Valley Voices

Fresno Unified finds its way out of the woods

Fresno Unified Superintendent Michael Hanson chats with students on the first day of classes at the new Phillip J. Patiño School of Entrepreneurship in August.
Fresno Unified Superintendent Michael Hanson chats with students on the first day of classes at the new Phillip J. Patiño School of Entrepreneurship in August. jwalker@fresnobee.com

We clearly remember the dismal conditions at Fresno Unified in 2004. The board had removed Superintendent Santiago Woods with a $400,000 buyout contract; the Fresno County Office of Education had taken control from the FUSD board because the district was on the verge of insolvency; and, worst of all, the district was academically bankrupt: More than 40 percent of FUSD schools were ranked in the bottom 10 percent in California.

With the current controversy surrounding the district, it’s appropriate to evaluate the performance of FUSD, specifically since Mike Hanson became superintendent in 2005. We encourage everyone to do their grading based on personal experience and the progress report we are providing. Grading, we believe, must be based on comparative data rather than perceptions and rumors.

Academics – Consistent progress has been made on every measure of performance. English proficiency rates have almost doubled since 2004, from 21 percent to 40 percent; in just the last five years, graduation rates have increased from 69.2 percent to 81.8 percent. We have a long way to go, but the progress made is commendable. FUSD works in partnership with Long Beach and other benchmark districts that have agreed to share and adopt best practices.

Finances – FUSD was literally bankrupt in 2004, and the state was considering a takeover of the district. Arts programs had been cut, counselors had been eliminated and library hours had been reduced. All of those programs were restored, and today FUSD is ranked among the most fiscally sound school districts in California.

Technology – In 2005, the state’s Fiscal Crisis Management Team declared technology at FUSD to be the worst of any major urban school district in California. Today, FUSD is seen as a technology leader. Every class in every school is wireless, and computers have been made available to 40,000 students.

Career Technical Education – Few urban school districts are offering the range of options available at FUSD. CART and Duncan Polytechnic are doing excellent work. FUSD has opened the first entrepreneurship high school in the nation. The district is working to develop an inclusive career education technology model for traditional trades.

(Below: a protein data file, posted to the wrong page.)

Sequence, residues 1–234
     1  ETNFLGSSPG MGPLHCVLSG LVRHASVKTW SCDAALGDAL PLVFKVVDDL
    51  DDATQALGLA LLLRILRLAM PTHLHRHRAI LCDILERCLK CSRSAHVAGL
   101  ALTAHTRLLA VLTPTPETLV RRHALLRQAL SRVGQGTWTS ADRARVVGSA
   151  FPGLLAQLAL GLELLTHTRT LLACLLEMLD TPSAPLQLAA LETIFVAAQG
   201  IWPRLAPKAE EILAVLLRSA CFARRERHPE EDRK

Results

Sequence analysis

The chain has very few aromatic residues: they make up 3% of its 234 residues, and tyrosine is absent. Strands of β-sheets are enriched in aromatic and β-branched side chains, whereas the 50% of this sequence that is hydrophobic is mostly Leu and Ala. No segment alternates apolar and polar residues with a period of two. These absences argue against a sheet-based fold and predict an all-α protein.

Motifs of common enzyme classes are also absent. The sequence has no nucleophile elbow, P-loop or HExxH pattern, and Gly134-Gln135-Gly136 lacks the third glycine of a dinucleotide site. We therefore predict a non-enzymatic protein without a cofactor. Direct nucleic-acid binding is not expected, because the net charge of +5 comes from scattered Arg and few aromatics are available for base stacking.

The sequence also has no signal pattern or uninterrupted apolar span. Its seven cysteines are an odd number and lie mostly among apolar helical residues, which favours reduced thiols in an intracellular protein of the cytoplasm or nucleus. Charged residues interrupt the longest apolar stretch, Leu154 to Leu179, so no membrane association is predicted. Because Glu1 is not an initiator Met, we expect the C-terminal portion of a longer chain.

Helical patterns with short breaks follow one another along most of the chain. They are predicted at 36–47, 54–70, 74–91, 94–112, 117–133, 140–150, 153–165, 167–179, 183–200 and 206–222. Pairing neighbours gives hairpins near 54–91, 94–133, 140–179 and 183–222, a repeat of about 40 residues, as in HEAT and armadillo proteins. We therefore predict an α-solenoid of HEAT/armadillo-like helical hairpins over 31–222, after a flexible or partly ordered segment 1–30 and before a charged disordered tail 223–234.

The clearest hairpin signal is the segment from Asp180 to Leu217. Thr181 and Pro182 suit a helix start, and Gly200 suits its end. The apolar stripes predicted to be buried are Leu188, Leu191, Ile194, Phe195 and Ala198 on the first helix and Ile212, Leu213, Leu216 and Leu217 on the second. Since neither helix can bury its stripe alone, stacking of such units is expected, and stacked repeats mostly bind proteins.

Parental and community engagement – Parent University has enrolled more than 20,000 parents. Business, civic and nonprofit organizations have been engaged. Example: FUSD and nonprofit Reading and Beyond are partnering to work with families in ZIP code 93701 to ensure all children graduate prepared for college or living-wage jobs.

Facilities – After years of waiting, children in southwest Fresno finally have the Rutherford B. Gaston Middle School they need and deserve. The new Vang Pao Elementary School serves children in southeast Fresno. Every high school has had major modernization projects. Portable classrooms in elementary schools have been replaced by permanent state-of-the art structures. Are we done? Of course not. Most schools in California were built 50 to 70 years ago. Fresno is no exception.

Accountability and transparency – FUSD has voluntarily adopted an accountability model endorsed by the U.S. Department of Education because it provides data beyond traditional test scores. Information requiring board action is posted 12 days in advance instead of the minimal 72 hours required by law. Superintendent Hanson and some of his staff experimented with the Cyber Dust app last year and discontinued the experiment after three weeks, concluding that anything that causes speculation of wrongdoing or lack of transparency is undesirable.

Controversy – The lease-leaseback process used for the construction of the Gaston Middle School is the principal source of district controversy. While lease-leaseback contracts totaling billions of dollars have been used in California, an appellate court ruled that use of a lease-leaseback contract in this instance was outside the bounds intended by law. The U.S. attorney’s office is investigating the transaction, presumably to determine if this was the result of differing interpretations of the laws governing these contracts or if improprieties were committed. This is a serious issue. We urge everyone to withhold judgment until the investigation is complete. Due process is a central tenet of our democracy.

Much progress has been made in FUSD since 2005, and much more is needed. The stakes are high. Now is the time for district and community leaders who care deeply about the youth of Fresno to sit down together and find productive ways forward.

Walt Buster, Ed.D., is a former superintendent of schools for Clovis Unified and served pro bono as interim superintendent of Fresno Unified from July to December 2004. At that time he asked civic activist Pete Weber to lead a task force that produced a turnaround plan for FUSD. Google “Choosing our Future FUSD.”

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